Though I 'm not sure why they protest so much -- predictability is hardly a death sentence in genre fantasy.The archetypal story of a hero, th characte, a profound love, and world to be saved never seems to get old -- it 's a great story when it 's told well.
Sure, Moorcock 's original concept for Elric was to e the anti-Conan, but at some point, he had to push his limits and move beyond difference for difference 's sake -- and he did.In similar gesture, Martin rejects the allegorical romance of epic fantasy, which basically means tearing out the guts of the genre: the wonder, the ideals, the heroism, and with them, the moral purpose.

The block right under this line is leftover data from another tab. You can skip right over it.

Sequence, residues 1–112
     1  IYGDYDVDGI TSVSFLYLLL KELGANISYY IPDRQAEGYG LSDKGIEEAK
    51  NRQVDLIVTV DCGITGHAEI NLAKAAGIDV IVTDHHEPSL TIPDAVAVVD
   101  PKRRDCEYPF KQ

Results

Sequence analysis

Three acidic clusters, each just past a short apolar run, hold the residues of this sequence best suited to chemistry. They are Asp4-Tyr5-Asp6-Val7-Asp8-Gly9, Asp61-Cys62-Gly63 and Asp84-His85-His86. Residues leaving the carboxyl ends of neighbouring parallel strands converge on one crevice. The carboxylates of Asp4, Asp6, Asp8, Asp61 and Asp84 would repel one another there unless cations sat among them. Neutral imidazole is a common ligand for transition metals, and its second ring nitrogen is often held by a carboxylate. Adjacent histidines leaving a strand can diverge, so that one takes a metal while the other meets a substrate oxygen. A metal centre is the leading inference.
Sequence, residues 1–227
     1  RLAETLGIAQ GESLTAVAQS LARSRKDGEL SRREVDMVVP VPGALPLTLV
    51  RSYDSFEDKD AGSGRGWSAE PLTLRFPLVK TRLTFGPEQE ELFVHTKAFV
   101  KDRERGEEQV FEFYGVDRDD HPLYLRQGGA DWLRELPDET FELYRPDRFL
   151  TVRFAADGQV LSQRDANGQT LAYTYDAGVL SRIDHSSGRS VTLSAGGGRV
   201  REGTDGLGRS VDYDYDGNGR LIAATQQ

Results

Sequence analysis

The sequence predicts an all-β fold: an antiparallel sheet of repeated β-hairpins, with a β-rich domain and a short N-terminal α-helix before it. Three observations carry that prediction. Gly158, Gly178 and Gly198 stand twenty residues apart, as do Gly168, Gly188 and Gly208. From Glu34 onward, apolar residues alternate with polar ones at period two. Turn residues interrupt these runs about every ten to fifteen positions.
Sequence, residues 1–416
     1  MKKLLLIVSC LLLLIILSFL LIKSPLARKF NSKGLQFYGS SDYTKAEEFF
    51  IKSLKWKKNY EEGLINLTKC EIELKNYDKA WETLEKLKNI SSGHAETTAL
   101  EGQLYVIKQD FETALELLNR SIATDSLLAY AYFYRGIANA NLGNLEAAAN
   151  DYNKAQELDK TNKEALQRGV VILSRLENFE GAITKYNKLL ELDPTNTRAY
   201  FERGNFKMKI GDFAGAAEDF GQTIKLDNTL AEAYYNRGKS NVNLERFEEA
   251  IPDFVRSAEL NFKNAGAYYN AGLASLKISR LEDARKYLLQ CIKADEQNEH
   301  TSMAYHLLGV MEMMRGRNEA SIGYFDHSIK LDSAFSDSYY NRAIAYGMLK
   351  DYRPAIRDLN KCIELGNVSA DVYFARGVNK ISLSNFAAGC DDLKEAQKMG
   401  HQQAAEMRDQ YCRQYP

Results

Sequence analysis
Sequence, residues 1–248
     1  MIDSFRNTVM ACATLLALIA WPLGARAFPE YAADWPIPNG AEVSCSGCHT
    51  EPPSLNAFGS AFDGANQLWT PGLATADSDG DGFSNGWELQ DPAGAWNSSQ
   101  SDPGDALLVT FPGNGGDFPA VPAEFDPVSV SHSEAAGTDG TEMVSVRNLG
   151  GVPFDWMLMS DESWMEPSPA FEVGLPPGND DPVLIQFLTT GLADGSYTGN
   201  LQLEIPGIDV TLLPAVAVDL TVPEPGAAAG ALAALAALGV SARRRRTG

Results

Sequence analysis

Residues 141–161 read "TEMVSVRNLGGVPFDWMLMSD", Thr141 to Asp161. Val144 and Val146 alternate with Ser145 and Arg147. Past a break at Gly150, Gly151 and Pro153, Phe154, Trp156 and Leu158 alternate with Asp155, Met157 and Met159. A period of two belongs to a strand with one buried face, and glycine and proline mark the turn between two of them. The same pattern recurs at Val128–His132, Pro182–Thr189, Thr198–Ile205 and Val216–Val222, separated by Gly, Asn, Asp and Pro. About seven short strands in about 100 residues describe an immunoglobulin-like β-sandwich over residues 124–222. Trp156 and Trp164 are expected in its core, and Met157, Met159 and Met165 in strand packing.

Hell, if all Martin wanted was grim and gritty antiheroes in an amoral world, he did n't have to deny the staples of fantasy, he should have gotte to its roots: Howard, Leiber, and Anderson.Like many authors aiming for realism, he forgets 'truth is stranger than fiction'.
The of innovating new, radical elements, he merely removes familiar staples -- and any style defined by lack is going to end up feeling thin.Yet, despite trying inject the book with history and realism, he does not conside the melodramatic characterization of his fantasy forefathers, as evidenced by his brooding bastard antihero protagonist ( with pet albino wolf).
Their pen gets away from them, their own hangups start leaking into the scene, until it 's not even about the characters anymore, it 's just the author cybering about his favorite fetish -- and if I cyber with a fat, bearded stranger, I happen to be paid for it.I know a lot of fans probably get into it more than I do ( like night elf hunters humping away in WOW), but reading Goodkind, Jordan, and Martin -- it 's like eeing a Playboy at your ncle 's where all the pages are wrinkled.